Some Local High Schoolers Keep Hefty Workload Even in Summer
May 28, 2008
By Leah Fabel
WASHINGTON - In Montgomery County, some kids' summers make the school year look like vacation, but experts say they're doing just right to boost resumes and applications.
"Summers are extremely important" for high schoolers, said Steven Roy Goodman, author of "College Admissions Together: It Takes a Family."
"The rule of thumb is to do something that you like to do, do a lot of it, and do it in some depth," he said.
Montgomery Blair High School's Louis Wasserman fits the bill. He's been programming computers "since before [he] can remember," led a Blair programming team that's sending two sophomores to national championships, and this summer will share his skills with students attending the D.C.-area TIC Camp for technology and sports.
Beyond technology, however, the University of Chicago-bound senior hopes his students see programming as art by "taking the most abstract form of ideas that you can get, playing around with them, manipulating them and finding ways to make them more compact and elegant and efficient," Wasserman said. "That's art right there."
The natural world drives Richard Montgomery junior Sarah Paleg, recently chosen as a Legacy Heritage Foundation Young Scientist.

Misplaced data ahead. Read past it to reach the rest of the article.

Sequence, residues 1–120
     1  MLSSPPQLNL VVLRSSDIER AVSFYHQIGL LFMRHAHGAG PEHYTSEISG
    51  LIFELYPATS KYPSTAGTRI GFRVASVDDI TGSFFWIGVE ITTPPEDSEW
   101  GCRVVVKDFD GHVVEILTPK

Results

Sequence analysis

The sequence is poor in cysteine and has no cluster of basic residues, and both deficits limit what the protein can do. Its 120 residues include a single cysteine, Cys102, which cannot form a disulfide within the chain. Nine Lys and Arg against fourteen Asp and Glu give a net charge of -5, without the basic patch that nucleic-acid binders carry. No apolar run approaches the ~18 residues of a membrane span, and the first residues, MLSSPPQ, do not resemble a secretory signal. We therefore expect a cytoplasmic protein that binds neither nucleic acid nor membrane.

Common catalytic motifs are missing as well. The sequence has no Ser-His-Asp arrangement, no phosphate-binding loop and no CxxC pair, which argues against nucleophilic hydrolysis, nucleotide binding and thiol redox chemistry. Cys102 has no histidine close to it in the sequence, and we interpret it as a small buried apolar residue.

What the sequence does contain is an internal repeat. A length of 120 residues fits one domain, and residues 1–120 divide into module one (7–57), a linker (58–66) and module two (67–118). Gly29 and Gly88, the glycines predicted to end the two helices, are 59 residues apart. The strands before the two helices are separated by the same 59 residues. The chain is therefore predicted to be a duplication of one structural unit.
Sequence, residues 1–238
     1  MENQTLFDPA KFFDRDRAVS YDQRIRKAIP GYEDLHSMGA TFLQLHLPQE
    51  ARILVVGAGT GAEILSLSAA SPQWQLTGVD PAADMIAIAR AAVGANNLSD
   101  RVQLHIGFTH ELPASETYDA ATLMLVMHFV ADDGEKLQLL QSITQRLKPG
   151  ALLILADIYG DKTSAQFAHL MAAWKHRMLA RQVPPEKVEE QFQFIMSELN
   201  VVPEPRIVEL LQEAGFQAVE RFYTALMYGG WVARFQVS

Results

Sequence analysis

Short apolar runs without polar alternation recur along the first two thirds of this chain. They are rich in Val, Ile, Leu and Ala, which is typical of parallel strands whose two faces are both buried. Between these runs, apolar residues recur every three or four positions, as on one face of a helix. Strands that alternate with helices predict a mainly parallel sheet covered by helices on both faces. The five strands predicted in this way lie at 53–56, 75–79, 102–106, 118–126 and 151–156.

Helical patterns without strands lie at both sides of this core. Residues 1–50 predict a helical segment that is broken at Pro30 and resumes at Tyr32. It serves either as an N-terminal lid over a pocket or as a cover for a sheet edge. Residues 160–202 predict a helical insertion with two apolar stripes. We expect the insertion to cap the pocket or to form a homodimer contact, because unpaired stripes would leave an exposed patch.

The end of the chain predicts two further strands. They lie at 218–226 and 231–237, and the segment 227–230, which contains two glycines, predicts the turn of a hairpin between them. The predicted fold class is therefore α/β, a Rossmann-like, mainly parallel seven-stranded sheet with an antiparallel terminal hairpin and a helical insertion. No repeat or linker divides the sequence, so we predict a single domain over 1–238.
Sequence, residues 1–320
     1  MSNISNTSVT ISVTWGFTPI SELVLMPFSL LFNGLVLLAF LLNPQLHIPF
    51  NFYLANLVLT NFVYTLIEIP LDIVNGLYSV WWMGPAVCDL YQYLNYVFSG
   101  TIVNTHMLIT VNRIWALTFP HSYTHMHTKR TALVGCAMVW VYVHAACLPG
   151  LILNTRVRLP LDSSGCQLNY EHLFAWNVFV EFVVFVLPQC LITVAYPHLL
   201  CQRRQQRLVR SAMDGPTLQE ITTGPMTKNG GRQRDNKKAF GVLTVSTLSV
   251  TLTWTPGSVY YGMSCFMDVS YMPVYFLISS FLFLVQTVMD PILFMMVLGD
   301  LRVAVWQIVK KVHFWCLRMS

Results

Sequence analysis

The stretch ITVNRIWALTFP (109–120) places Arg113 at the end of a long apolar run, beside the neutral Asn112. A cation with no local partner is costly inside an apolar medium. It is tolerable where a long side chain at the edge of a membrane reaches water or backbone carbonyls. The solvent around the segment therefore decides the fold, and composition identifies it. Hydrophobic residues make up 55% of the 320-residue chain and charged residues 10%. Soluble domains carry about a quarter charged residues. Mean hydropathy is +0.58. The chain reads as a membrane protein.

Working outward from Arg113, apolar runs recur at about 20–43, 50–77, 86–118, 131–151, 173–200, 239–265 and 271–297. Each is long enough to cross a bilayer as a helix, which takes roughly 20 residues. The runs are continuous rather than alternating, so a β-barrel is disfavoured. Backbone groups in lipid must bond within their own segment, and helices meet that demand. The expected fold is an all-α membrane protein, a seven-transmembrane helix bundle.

The yearlong fellowship, awarded to only 26 American high schoolers, affords her a summer in Jerusalem to follow her two greatest passions: Israel and the environment.
Throughout a five-week stay at Hebrew University and one week of travel, Paleg and her peers will develop research projects and study Israeli history and politics.
Already, Paleg's ideas are flowing: "The fact that every single house in Israel has a water heater on top of it - that's just staring you in the face and saying, 'We're conserving water and energy and working to better our future, especially here in the desert.' "
Far from any deserts, Paleg's classmate Jessi Strand will spend part of her summer on the Honduran coast.
She and eight soccer teammates will run camps and a tournament designed to attract local children, who will then learn about AIDS awareness.
Honduras has the highest HIV infection rate in the Americas, and many coastal communities are disproportionately affected.
"I'm really excited to communicate with them, to see what their daily life is like compared to mine," Strand said, "and to do it through a universal language like soccer, so that everyone understands."